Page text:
In another study by White and colleagues (1999), the direct or indirect role between copper, the APP gene, and neurotoxicity was examined. This was done  by measuring copper, zinc, and iron levels in the cerebral cortex, cerebellum, and selected non-neuronal tissue from APP and APLP2 knockout mice using atomic absorption spectrophotometry [15]. The APLP2 gene is a member of the APP gene family and contains heparin-, copper- and zinc-binding domains at the N-terminus, BPTI/Kunitz inhibitor, and E2 domains in the middle region, and transmembrane and intracellular domains at the C-terminus [15]. The APLP2 gene is required to mediate neuromuscular transmission, spatial learning, and synaptic plasticity [15]. A knockout mouse is a laboratory mouse in which researchers have inactivated or “knocked out” an existing gene by replacing it or disrupting it with an artificial piece of DNA [15]. Researchers used knockout mice and control mice which they labeled “wild-type” (WT) mice [15]. 

White (1999) suggests that the identification of zinc and copper metal-binding sites on the APP and APLP2 proteins suggest a possible role in biometal homeostasis. To test this, the levels of copper, zinc, and iron in the brain and other non-neuronal tissues of knockout mice and WT mice were measured [15]. They found that APP and APLP2 expression significantly and specifically lowers copper levels in the cerebral cortex of adult mice, as well as their liver [15]. The increased copper levels in the cerebral cortex and liver were not an artifact of the “knockout” procedure [15]. The knockout mice and the WT mice were of the same background, thus indicating the effect found is protein-specific [15]. This study is different from the study done by Acevedo (2011) because White (1999) explored the relationship between the APLP2 gene and copper as well as the relationship between the APP gene and copper. This was done because APLP2 also contains a copper-binding ectodomain.  However, it was shown that APLP2 had a smaller effect than APP on copper levels in the cerebral cortex [15].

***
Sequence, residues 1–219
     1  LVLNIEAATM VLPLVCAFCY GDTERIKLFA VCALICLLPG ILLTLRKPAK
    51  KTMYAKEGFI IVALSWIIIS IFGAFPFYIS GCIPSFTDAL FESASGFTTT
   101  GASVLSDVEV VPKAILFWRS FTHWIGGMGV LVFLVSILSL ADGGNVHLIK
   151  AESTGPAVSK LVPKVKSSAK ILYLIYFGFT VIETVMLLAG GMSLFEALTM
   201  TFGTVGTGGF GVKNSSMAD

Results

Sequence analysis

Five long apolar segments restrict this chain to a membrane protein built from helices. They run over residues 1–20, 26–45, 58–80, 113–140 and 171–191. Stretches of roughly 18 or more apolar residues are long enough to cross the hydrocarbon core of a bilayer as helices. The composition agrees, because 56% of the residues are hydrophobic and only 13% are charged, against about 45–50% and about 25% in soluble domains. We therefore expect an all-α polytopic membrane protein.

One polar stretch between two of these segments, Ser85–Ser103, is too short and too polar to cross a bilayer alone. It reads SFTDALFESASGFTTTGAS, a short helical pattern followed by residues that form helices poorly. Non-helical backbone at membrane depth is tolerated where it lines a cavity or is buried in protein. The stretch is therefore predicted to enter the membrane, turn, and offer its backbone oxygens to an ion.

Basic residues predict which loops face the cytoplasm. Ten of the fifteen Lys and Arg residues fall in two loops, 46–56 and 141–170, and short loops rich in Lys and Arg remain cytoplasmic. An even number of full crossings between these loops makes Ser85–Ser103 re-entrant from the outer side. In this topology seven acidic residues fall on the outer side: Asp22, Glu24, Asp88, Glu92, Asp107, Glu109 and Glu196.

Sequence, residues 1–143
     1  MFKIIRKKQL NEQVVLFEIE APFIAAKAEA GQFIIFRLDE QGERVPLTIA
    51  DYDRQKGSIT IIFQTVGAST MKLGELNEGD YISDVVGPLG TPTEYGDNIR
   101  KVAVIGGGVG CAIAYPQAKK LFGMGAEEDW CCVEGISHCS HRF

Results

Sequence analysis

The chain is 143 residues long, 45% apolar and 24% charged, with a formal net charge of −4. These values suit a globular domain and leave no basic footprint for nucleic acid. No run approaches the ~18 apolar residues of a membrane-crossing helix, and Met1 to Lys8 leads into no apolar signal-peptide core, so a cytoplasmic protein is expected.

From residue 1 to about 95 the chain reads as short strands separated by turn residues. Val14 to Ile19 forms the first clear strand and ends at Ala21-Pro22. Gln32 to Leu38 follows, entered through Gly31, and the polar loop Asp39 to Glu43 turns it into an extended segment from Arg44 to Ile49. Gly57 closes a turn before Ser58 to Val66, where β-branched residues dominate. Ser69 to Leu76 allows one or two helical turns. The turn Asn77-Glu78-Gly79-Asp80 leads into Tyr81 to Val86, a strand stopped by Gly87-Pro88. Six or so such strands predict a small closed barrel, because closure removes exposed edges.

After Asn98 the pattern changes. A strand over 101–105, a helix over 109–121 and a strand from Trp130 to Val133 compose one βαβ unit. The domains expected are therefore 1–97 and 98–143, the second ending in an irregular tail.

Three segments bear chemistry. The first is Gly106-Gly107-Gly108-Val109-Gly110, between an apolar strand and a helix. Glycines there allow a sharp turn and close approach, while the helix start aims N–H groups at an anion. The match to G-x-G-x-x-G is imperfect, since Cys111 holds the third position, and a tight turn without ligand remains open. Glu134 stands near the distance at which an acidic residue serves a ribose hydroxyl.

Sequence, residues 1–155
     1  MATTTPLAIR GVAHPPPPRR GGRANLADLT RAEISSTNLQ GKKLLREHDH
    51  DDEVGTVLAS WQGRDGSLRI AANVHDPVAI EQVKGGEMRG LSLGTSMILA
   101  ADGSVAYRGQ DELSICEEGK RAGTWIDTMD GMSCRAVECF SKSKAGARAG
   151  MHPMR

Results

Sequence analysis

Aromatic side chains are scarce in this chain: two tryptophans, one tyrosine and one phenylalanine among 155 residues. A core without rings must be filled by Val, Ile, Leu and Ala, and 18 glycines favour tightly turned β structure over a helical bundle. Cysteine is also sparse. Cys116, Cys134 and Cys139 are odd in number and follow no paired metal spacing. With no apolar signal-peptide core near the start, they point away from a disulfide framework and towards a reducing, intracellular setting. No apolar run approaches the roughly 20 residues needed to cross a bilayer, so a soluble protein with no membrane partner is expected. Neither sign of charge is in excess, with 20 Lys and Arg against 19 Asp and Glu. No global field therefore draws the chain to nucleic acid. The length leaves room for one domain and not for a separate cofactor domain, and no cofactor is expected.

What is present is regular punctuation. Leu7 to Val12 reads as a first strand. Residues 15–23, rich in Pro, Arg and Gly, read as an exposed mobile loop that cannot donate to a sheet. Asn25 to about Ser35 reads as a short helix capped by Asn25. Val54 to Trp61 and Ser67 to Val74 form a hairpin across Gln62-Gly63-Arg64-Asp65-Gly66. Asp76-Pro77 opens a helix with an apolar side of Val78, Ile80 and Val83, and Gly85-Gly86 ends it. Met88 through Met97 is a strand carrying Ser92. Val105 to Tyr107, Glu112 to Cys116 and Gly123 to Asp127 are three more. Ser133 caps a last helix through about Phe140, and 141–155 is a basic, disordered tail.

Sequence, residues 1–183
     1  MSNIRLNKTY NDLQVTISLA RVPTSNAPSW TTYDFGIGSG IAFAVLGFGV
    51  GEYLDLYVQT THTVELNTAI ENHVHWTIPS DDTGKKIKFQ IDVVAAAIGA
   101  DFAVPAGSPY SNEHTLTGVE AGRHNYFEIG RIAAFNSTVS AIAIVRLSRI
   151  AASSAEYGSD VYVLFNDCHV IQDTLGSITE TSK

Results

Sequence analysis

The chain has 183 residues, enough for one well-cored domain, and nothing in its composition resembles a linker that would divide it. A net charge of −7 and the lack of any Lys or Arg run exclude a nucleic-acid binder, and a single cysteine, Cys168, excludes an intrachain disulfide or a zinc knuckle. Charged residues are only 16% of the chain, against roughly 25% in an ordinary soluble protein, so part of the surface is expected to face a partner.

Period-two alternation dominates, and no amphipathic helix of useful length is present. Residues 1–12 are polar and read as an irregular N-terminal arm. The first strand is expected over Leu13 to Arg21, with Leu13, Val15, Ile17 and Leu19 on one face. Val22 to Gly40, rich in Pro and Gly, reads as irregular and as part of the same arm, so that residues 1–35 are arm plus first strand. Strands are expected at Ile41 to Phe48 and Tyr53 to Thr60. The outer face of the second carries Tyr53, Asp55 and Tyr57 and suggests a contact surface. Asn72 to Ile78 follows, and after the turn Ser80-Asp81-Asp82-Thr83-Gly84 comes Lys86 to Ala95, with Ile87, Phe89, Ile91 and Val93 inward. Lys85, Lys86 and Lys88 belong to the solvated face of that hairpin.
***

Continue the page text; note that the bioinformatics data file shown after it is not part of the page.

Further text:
As copper has a high capacity to generate free radicals, even at low concentrations, copper metabolism must be tightly regulated to prevent tissue damage in the brain [15]. The study done by White (1999) provided valuable insight into the relationship between the APP gene, APLP2 gene, and copper by demonstrating that APP and APLP2 are involved in modulating copper but not iron or zinc. However, it is still not clear how this process occurs, or which tissues or fluids are  the predominant site of interactions between copper and APP or APLP2 [15]. Cells in the brain and liver express relatively high levels of APP, and the release of cellular APP/APLP2 with bound copper may provide a means of removing excess copper from certain cell types [15]. Researchers explain that due to the highly conserved sequence homology of the CuBD between species, the results from this study show that it is very likely that APP has a similarly important role in copper homeostasis in humans [15]. The perturbation of this function could have important implications for disease initiation/progression since the cortex is commonly affected in patients afflicted with Alzheimer’s disease [15]. 

 

Conclusion

The aforementioned studies outline the relationship between copper and the amyloid precursor protein gene. More specifically, they have explored the relationship between the APP gene and copper in the brain, explained how the APP gene and copper affect the brain in an individual, and finally, they elaborate on the effects that those changes play in Alzheimer’s disease. The literature has shown that there is a direct relationship between the amyloid precursor protein gene and copper in various regions of the brain; however, it would be useful to conduct further research into this topic as it relates to Alzheimer’s disease.

New contextualization of the relationship between amyloid precursor protein gene and copper lies in broadening the scope of the research. Instead of continuing research into the relationship between the amyloid precursor protein gene and copper, it would be useful to research the relationship between the amyloid-beta protein (Aβ) and copper in the brain. This could be interesting since the amyloid-beta protein is a part of the amyloid precursor protein gene family. Taking this research into a more specific realm of understanding will be valuable to researchers trying to understand many of the unsolved complexities of Alzheimer’s disease. Additionally, it would be worth comparing and contrasting the relationship between various metals and the APP gene. Although articles such as White (1999) and Acevedo (2011) explore the relationship between copper, iron, and zinc with the APP gene, it would be beneficial and illuminating to research the relationship between aluminum and the APP gene. According to Fisher (2018), aluminum is thought to be highly influential in the progression of Alzheimer’s disease. The possibility of contextualizing the research being done with the APP gene and copper into an analysis regarding a new inorganic element may be useful for researchers attempting to understand Alzheimer’s disease. Furthermore, rather than simply researching the relationship between aluminum and the APP gene, research of this nature should also be done with other metals involved in Alzheimer’s disease such as manganese and selenium [7].


References


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Emily Barron

Emily Barron


I'm a MA student studying biological anthropology with the hopes of getting my Ph.D. and studying neurobiology.